Many readers of Scripture have no concept of the evolution of faith contained in those writings. They simply presume the faith motivating the first chapters of Genesis is the same faith motivating the last chapters of Revelation. Nothing could be further from reality. Biblical faith constantly evolves the more we understand our experiences with God and God working in our lives.
In the beginning of the biblical period - tenth or eleventh century BCE - for instance, our sacred authors presumed Yahweh was simply one God among many gods. Only in the sixth century BCE, during the Babylonian Exile, do Jews begin to understand that Yahweh is the one and only God. In a parallel way, until about a hundred years before Jesus' birth, our inspired writers took for granted this life is the only life we'll ever experience. Everything began with our birth and ended with our death.
As a Pharisee, the historical Jesus was a believer in that new-fangled notion of an afterlife. He presumed those who formed a relationship with Yahweh in this life, would continue that relationship with Yahweh in a life beyond our physical deaths.
Not all Jews of Jesus' day and age accepted such a liberal theology, as we hear in today's gospel pericope. "Some Sadducees, those who deny there is a resurrection came forward . . . ." They present Jesus with what could only be called a "smutty" example of the impossibility of an afterlife: a woman involved in multiple marriages. "At the resurrection," they demand to know, "whose wife will she be?"
Jesus' major argument for the woman's seven husbands not being an insurmountable eternal life dilemma revolves around what we're going to experience in that eternal life. It's not going to be just a simple Groundhog's Day rerun of this life. Those who continue their relationship with God into the next life are going to find themselves in a whole new existence. Just as our outside the womb existence is dramatically different from our fetal existence, so heaven will be dramatically different from this earthly existence. The Sadducees arguments against eternity are based on a false concept of eternity.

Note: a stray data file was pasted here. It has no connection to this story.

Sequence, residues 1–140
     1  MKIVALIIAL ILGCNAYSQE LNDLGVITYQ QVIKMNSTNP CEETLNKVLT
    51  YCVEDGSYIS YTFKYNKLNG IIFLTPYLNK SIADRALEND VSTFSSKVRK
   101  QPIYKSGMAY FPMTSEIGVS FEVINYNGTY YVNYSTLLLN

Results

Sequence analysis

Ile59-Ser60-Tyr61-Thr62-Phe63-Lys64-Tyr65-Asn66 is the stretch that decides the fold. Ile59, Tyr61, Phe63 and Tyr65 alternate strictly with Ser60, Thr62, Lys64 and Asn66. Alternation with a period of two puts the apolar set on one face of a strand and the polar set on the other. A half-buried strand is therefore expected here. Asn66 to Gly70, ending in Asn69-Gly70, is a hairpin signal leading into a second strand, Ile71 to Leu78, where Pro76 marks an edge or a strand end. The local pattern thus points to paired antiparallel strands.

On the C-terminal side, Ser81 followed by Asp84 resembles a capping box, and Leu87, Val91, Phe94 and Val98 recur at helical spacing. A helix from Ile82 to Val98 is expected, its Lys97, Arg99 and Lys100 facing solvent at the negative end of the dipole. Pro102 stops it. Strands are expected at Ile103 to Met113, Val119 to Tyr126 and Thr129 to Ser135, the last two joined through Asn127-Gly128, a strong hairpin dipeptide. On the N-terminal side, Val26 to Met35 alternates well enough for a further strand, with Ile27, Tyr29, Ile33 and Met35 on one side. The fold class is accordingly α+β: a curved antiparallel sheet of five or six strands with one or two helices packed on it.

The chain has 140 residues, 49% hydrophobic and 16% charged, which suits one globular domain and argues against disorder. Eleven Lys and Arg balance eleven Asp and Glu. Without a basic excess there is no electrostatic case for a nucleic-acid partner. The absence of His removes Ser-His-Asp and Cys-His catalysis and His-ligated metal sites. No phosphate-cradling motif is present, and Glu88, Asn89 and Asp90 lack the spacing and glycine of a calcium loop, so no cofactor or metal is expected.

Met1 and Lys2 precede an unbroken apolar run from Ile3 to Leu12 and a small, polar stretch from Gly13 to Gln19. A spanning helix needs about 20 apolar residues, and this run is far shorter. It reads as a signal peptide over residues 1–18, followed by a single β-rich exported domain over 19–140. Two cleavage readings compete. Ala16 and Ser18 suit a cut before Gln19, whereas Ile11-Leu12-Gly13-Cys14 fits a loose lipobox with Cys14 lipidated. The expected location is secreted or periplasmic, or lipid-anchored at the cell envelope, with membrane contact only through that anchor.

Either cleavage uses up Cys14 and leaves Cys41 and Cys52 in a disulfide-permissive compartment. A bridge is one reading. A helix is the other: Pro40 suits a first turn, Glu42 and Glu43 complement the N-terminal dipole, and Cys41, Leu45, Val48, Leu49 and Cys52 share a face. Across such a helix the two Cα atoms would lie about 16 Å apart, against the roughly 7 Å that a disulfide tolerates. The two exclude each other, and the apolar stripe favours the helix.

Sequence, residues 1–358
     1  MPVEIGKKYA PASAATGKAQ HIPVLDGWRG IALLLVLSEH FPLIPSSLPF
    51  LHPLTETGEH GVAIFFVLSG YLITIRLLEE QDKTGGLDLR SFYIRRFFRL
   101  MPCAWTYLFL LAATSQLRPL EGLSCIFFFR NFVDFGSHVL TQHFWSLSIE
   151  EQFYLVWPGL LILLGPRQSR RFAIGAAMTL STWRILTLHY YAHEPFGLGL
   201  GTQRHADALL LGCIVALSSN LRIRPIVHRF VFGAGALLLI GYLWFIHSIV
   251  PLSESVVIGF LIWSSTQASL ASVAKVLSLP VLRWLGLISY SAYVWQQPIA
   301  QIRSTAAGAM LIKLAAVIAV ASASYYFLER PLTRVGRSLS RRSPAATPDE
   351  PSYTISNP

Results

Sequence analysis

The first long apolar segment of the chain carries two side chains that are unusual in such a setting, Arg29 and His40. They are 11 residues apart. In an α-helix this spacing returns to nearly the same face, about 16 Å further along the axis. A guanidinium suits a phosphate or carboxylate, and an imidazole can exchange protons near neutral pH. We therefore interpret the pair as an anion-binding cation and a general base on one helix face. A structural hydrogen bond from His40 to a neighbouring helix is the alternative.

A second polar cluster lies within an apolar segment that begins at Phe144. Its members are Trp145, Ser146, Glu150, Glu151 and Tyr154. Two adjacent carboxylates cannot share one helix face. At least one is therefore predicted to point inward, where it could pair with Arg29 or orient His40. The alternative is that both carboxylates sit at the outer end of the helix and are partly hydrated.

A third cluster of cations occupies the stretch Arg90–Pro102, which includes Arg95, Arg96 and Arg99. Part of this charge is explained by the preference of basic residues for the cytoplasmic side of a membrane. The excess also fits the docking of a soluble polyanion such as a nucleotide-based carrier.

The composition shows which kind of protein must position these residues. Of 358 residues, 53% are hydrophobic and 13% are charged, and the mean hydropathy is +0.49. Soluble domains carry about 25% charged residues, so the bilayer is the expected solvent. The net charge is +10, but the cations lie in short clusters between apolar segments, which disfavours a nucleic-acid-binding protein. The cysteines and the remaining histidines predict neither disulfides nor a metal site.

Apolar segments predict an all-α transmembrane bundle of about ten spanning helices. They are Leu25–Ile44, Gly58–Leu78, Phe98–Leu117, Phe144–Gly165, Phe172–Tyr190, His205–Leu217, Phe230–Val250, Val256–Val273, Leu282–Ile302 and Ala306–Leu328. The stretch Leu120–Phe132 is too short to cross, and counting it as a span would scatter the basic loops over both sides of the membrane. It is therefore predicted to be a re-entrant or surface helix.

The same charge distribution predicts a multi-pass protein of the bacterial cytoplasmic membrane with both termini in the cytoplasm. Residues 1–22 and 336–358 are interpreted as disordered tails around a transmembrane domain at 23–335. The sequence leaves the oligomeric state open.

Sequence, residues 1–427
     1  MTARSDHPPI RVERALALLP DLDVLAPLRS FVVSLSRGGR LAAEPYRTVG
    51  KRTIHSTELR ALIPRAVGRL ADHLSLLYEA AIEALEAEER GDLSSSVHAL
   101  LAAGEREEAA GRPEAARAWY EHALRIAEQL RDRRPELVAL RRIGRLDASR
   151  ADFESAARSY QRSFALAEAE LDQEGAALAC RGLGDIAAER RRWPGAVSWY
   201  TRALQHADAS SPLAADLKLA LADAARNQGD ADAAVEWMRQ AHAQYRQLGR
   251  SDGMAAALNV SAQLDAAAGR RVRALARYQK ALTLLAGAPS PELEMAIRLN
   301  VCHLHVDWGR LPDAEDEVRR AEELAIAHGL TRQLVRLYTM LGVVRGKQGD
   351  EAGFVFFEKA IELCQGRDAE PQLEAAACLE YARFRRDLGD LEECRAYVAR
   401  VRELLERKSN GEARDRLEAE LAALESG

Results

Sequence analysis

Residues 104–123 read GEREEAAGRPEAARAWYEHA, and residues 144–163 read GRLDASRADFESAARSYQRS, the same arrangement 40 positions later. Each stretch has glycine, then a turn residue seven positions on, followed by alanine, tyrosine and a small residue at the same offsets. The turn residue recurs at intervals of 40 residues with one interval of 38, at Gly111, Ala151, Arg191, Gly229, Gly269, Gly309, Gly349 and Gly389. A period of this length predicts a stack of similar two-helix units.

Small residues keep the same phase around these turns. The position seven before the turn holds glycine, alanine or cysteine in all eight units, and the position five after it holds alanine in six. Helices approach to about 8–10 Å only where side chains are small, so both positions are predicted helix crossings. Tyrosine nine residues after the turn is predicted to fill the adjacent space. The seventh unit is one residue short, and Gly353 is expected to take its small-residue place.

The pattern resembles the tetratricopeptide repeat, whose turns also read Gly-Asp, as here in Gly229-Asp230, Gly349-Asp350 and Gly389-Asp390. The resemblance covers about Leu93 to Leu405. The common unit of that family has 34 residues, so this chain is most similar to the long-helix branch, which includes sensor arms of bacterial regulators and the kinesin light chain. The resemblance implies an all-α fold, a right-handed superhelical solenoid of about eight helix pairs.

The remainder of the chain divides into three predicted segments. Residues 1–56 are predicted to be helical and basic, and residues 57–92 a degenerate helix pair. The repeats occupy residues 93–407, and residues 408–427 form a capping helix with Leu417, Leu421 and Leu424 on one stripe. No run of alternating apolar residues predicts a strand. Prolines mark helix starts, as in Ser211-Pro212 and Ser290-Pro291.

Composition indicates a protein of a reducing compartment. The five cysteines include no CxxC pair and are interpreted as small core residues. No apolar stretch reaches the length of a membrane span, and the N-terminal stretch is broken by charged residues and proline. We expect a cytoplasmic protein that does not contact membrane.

Of course, none of us, except for being confident we'll have a relationship with God, is certain about what eternity holds for us. The seven brothers in our II Maccabees reading are confident they'll continue to live after their martyrdom but no one says anything about the form that life will take. They're simply relying on" ... the hope God gives of being raised up by him ...."
Perhaps that's why the author of II Thessalonians encourages his readers to do the only thing which will determine whether they'll be part of a heavenly afterlife, or be left out in the cold (or heat). "May the Lord direct your hearts to the love of God and to the endurance of Christ." After all, God". . . loves us ... and encourages (our) hearts and strengthens them in every good deed and word."
Most of us, like the writer's mentor Paul, or the seven brothers, or Jesus, aren't going to experience a martyr's death - the most certain way of getting into heaven. We're going to have to go through a natural lifetime of building relationships with God and those around us. And as anyone who works at building relationships knows, we're never certain where those relationships are ultimately going to take us. We simply have faith that not building relationships results in a hell of an existence, something which, no matter how many times we've been married, we'd like to avoid.